After a months-long stalemate, the Republican-controlled House passed three annual appropriations bills on Thursday, but Congress is still on the verge of a government shutdown.

Why it matters: Republicans think that by banding together around budget bills, they may gain influence in negotiations with the Senate to produce bills that actually finance the government.

What happened: The House passed three of the four Republican appropriations bills that were voted on late Thursday night, making them the first such bills to pass since the August recess.

State Department and Foreign Operations: Passed 216-212, with Republicans Marjorie Taylor Greene (R-GA) and Brian Fitzpatrick (R-PA) voting with Democrats in opposition.

Defense: Passed 218-210, with centrist Reps. Jared Golden (D-Maine) and Marie Gluesenkamp Pérez (D-Washington) voting with Republicans in support and right-wing Reps. Tim Burchett (R-Tenn.) and Ken Buck (R-Colo.) voting with Democrats in opposition.

Homeland Security: Passed 220-208, with Golden and Gluesenkamp Perez voting in support of the bill alongside Republicans.

Agriculture and FDA: Failed 191-237, with 27 Republicans voting no, largely moderates opposed to wording restricting abortion pill access and rural members opposed to expenditure cuts.

The intrigue: The House also voted 311-117 to approve a separate $300 million additional aid package for Ukraine, which includes the appointment of a special inspector general to supervise Ukraine assistance funds.

To appease Greene, one of the House GOP’s staunchest opponents of US assistance to the Ukrainian war effort, the proposal was removed from the military bill.

More than half of House Republicans voted against it, indicating growing antagonism among Republicans toward Ukraine, with Democrats voting for it more than twice as many times as Republicans.

What’s next: The House is anticipated to try to pass a party-line Republican bill to temporarily extend federal funding, known as a continuing resolution, on Friday.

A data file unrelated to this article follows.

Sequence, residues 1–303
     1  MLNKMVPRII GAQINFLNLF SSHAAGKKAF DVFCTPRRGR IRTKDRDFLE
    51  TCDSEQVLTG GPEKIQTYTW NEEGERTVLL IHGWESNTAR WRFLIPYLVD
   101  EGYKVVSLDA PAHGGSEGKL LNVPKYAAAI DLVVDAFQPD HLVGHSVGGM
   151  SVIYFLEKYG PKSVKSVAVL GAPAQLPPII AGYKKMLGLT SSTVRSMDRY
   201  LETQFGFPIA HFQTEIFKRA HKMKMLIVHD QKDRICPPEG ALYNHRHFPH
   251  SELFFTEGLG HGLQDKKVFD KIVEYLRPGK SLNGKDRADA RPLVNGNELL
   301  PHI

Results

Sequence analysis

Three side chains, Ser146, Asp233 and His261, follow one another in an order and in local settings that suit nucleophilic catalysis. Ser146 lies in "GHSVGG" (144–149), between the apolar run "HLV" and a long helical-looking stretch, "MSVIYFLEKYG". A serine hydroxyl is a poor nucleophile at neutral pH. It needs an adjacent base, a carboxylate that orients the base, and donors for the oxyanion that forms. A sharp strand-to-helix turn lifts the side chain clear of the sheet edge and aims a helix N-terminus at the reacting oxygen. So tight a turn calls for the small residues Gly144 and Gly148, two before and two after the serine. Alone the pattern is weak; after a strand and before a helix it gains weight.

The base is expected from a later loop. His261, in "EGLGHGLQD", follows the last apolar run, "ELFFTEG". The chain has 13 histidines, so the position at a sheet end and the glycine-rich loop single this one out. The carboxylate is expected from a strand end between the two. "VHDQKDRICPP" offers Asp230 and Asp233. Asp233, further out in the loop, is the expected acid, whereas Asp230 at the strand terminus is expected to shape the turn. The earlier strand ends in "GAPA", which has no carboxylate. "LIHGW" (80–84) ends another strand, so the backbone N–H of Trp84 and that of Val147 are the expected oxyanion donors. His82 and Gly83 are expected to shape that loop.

However, enough Republicans have said they will not vote for a continuing resolution, making it appear difficult for one to pass along party lines.
The Senate is attempting to push a bipartisan interim bill, but conservative lawmakers are putting up roadblocks.

Given Democratic control of the Senate, any continuing resolution must be the result of negotiations between the two houses – a reality that poses significant personal risk to House Speaker Kevin McCarthy (R-Calif.).
The big picture: A continuing resolution simply buys time – anywhere from a few months to a few days – because both chambers still have a significant number of substantive appropriations measures to enact.

Republicans in the House have passed four of the twelve appropriations bills, including the three voted on Thursday, as well as military construction and veterans affairs, which were enacted in July. The Senate has yet to pass any.

However, the House appropriations bills are riddled with right-wing policy riders and generally keep spending at 2022 levels, which are lower than the budget caps set in both the bipartisan debt ceiling agreement and the Senate appropriations bills.

This puts the two sides behind schedule and far apart, with little runway — or, in McCarthy’s case, leeway — to reach and then pass an agreement before Oct. 1.


Download The Radiant App To Start Watching!

Web: Watch Now

LGTV™: Download

ROKU™: Download

XBox™: Download

Samsung TV™: Download

Amazon Fire TV™: Download

Android TV™: Download